Oh had supporting roles in some high-profile films, appearing in the box-office hit The Princess Diaries (2001) with Julie Andrews and Anne Hathaway, Big Fat Liar (2002) with Frankie Muniz, and Steven Soderbergh’s Full Frontal (2002). In 2002, she again teamed up with Mina Shum for Long Life, Happiness & Prosperity. She appeared in Under the Tuscan Sun (2003) with Diane Lane, co-starred opposite Paul Gross and Elliot Page in Daniel MacIvor’s dramatic comedy Wilby Wonderful (2004) and played a supporting role opposite Page in her breakout film Hard Candy (2005). Oh’s career got a major boost in 2004 when she co-starred, to much critical acclaim, in the seriocomic Sideways as a winery employee who becomes romantically entangled with a libidinous bridegroom on a pre-wedding road trip.
Grey’s Anatomy (2005–14)
From 2005 to 2014, Oh played Dr. Cristina Yang in the ABC medical drama series Grey’s Anatomy. Oh’s portrayal of the pragmatic, ambitious Yang earned her five Primetime Emmy nominations for Best Supporting Actress in a Drama Series. She was one of the most beloved stars in the series and helped it consistently place at the top of the ratings. Co-star Chandra Wilson said of Oh, “I’ve never met an actress as conscious, as analytical as Sandra. She thinks about every word coming out of her mouth.” By the 10th season, Oh had decided to leave the series. She told The Hollywood Reporter, “Creatively, I really feel like I gave it my all, and I feel ready to let her [Yang] go.”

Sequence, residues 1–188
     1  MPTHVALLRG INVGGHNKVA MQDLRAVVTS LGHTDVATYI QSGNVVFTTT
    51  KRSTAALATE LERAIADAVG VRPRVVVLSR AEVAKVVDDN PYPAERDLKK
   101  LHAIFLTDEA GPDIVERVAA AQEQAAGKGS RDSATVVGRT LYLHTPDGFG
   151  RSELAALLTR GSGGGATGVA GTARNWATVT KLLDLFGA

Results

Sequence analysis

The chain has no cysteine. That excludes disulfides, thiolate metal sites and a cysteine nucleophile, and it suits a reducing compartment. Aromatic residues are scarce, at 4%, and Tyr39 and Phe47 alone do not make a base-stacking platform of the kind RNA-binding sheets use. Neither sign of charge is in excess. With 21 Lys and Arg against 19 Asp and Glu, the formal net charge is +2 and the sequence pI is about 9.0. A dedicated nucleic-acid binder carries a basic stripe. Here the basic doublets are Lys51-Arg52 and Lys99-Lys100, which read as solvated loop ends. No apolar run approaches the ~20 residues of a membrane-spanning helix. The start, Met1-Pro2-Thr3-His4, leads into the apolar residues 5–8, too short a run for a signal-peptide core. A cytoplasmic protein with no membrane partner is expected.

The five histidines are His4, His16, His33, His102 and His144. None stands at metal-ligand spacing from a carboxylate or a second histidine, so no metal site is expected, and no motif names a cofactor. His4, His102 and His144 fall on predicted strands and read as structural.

While on Grey’s Anatomy, Oh continued to land roles in numerous film and television productions, including voice work on the animated adult comedy series American Dad! (2005; 2009–13), the animated comedy series Phineas and Ferb (2008–12) and the PBS animated children’s program Peg & Cat (2013). She had supporting roles in the Canadian films Defendor (2009), opposite Woody Harrelson and Elias Koteas, and Blindness (2008), co-starring Julianne Moore, Mark Ruffalo and Don McKellar. She played a grief-stricken mother opposite Aaron Eckhart and Nicole Kidman in Rabbit Hole (2010), an English detective in the Sky1 crime series Thorne: Scaredycat (2010) and a therapist in the acclaimed but little-seen CBC TV sitcom Michael: Tuesdays and Thursdays (2011).
Oh exercised her comedic chops in the Melissa McCarthy film Tammy (2014), which also starred Susan Sarandon and Dan Aykroyd. In 2015, she played a recurring character in the television comedy series Shitty Boyfriends. Oh had roles in three feature films in 2016. She was co-producer, with Ann Marie Fleming, of the animated film Window Horses, for which she also provided voice work alongside Elliot Page and Don McKellar. Oh starred with Anne Heche in the black comedy Catfight (2016), which had its world premiere at the Toronto International Film Festival.